Eli Beer

Ashoka Fellow
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Fellow since 2013
This description of Eli Beer's work was prepared when Eli Beer was elected to the Ashoka Fellowship in 2013 .


Eli Beer has created a strong network of volunteer emergency medical helpers to fill the gap between the first call to ambulance companies in life-threatening situations and the actual arrival time of medical professionals. Through his fleet of ambucycles, several thousand volunteers and training programs, Eli has accelerated response time to within minutes, while additionally bringing Muslim, Jewish, and Christian communities together to solve this common yet crucial issue.

The New Idea

Working as a volunteer Emergency Medical Technician himself from the age of 17, Eli saw just how rare it was that an ambulance team was able to navigate the congested streets of Israel to reach an accident victim in time to save his/her life. He also observed that local people, if trained appropriately, could fill the gap in care left between the first call to emergency services and the arrival of the support team—and save lives. Eli’s organization—United Hatzalah (Hebrew for “rescue”)—has approached this problem through the novel use of technology and an ever-expanding volunteer corps that pulls from all communities throughout Israel. His teams are now able to respond to any incident, regardless of location, in under three minutes.

United Hatzalah trains volunteers and then equips them with, among other items, a GPS application for their mobile phone. When an emergency medical situation arises, volunteers within a specific radius are notified and expected to immediately attend the situation. They then provide first response action within three minutes to stabilize the victim until professional help arrives to transport them to a hospital or more secure location.

While his organization was originally based in the Jewish community, the universal need for these services quickly became apparent. The program was promptly scaled to include Arabs and Christians in the volunteer corps. Today, United Hatzalah members respond to any and all accidents, regardless of ethnic origin or religion. This unifying experience has resulted in over 2,000 United Hatzalah volunteers and 200,000 accident victims treated annually. The program has scaled to an international level, with services currently offered in Brazil, Panama, and India.

The Problem

Israel has been a constant conflict zone since independence in 1948. Terrorist attacks alone have been responsible for thousands of fatalities and injuries over the years, in addition to the emergency situations that routinely occur. Despite the obvious risks of living in an often chaotic and dangerous area, the state has no centralized emergency call system. Magen David Adom, the Israeli equivalent of the Red Cross, is available in most urban areas to send ambulances to accident victims, but that leaves gaps in service in rural areas.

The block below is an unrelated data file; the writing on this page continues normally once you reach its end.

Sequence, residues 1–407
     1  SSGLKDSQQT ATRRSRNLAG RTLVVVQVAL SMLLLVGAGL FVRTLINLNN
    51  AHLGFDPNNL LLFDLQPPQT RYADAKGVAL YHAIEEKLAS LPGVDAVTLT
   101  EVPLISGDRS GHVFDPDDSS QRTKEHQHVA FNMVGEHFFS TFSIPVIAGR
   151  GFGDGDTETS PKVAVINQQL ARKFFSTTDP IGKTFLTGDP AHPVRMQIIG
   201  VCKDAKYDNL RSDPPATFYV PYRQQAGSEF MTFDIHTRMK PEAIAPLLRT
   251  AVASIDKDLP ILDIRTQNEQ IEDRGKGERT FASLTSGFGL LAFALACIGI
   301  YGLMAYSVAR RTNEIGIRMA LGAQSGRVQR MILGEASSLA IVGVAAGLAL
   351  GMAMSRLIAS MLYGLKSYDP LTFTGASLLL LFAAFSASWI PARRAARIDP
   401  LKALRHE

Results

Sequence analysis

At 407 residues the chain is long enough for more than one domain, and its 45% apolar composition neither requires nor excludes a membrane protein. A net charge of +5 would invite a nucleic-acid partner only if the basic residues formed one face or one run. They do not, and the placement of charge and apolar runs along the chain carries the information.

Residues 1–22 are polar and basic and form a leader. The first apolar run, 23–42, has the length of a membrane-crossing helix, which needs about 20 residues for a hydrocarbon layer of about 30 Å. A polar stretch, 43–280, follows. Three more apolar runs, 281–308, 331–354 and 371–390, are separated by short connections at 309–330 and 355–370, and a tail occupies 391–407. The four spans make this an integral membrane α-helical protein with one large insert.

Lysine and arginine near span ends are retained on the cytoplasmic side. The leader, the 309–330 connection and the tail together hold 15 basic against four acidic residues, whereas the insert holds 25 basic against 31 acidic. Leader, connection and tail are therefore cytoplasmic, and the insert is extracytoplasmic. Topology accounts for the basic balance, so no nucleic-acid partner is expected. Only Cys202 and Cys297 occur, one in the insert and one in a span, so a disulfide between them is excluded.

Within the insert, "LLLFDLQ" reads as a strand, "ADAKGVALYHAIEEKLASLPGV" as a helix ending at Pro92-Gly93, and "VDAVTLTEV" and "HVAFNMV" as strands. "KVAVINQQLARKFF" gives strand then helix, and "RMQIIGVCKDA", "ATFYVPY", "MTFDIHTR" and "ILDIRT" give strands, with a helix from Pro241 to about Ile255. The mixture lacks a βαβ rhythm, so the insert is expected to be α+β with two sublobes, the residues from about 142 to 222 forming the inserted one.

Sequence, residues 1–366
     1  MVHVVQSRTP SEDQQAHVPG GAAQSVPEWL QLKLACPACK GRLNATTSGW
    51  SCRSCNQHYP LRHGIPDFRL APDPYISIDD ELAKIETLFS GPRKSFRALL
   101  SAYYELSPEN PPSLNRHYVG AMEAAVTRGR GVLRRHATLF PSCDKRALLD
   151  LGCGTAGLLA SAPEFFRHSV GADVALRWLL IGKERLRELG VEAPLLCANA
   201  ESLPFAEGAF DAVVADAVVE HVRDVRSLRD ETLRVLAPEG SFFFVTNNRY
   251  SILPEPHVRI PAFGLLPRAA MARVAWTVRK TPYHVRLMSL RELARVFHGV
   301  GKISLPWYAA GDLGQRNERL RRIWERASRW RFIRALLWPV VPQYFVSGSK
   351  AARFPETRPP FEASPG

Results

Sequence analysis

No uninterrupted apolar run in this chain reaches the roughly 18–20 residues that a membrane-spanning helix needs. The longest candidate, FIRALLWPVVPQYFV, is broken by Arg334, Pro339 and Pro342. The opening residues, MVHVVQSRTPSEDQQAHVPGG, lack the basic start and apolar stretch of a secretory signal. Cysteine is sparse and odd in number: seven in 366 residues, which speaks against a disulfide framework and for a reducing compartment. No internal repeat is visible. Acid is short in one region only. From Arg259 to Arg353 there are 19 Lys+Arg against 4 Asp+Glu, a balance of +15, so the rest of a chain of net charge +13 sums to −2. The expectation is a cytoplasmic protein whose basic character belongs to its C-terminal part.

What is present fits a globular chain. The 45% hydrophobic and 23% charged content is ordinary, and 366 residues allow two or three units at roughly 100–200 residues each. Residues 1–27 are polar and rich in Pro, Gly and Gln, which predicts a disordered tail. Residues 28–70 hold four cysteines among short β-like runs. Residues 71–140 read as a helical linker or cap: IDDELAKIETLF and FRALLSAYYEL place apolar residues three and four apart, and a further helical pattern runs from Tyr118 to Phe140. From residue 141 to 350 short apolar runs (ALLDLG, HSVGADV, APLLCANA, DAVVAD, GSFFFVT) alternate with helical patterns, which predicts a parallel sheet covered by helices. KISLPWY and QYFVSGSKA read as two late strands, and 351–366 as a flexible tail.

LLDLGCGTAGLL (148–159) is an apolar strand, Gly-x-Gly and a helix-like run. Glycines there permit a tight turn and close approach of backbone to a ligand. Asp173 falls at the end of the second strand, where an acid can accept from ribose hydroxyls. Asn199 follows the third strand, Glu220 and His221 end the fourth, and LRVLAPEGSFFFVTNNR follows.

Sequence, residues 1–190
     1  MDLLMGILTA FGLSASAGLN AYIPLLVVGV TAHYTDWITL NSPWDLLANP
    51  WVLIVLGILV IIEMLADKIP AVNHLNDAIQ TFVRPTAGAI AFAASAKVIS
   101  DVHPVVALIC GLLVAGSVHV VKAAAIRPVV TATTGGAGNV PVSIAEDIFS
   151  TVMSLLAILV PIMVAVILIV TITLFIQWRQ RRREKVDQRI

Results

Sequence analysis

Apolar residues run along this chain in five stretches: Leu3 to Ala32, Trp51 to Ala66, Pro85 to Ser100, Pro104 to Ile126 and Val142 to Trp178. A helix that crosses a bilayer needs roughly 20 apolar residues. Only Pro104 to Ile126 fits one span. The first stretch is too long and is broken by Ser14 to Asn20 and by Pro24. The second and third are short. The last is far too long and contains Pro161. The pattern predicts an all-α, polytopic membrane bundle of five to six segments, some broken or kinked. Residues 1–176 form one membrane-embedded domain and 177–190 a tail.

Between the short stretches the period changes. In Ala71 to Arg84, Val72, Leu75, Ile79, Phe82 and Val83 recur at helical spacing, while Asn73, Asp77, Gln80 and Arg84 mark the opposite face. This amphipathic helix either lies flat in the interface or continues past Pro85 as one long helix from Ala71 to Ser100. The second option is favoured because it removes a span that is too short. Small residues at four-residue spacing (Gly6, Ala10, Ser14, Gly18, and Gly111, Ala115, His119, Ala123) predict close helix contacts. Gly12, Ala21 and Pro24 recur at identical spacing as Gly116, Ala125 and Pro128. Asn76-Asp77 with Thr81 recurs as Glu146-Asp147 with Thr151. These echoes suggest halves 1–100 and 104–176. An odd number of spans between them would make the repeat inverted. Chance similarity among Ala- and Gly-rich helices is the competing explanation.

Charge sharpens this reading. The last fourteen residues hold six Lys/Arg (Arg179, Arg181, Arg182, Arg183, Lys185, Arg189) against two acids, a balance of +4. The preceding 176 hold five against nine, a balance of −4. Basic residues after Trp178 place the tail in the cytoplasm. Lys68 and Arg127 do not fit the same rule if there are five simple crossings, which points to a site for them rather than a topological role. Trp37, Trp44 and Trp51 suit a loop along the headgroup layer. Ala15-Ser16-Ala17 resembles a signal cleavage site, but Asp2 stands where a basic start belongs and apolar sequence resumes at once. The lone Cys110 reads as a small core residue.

If a victim is able to secure an ambulance in an emergency situation, there still remains the problem of traffic. Israel is a small country, but its population is concentrated: More than half of the land is unpopulated due to difficult desert conditions. According to the Israel government, as of 2011, there were 2.76 million motor vehicles in the state, or 346 vehicles per 1,000 people. While the number of traffic accidents is decreasing each year, Israel still faces issues of traffic congestion that make it nearly impossible for an emergency vehicle to travel quickly.

To compound the issues of constant conflict and traffic congestion, Israel also faces the issue of strong ethnic and religious divides. Communities are widely segregated along Muslim, Jewish, and Christian lines, along with divisions among secular and religious groups, gender roles, and those with refugee or permanent resident status. In spite of the fact that many groups are affected when a terrorist attack or other incident takes place, the reaction is limited, as citizens tend to follow social norms that restrict how they act and respond to crisis. Together these issues create difficult challenges.

The Strategy

When Eli began United Hatzalah at 17, no other organizations were working on similar issues in the region, and his manager at an ambulance company told him there was no need for a new system. Eli persevered and began with his Jewish community in Jerusalem but quickly involved society to approach these issues together. Today, 500 people are treated each day, and his volunteers individually respond to 360 emergency calls annually, completely free of charge.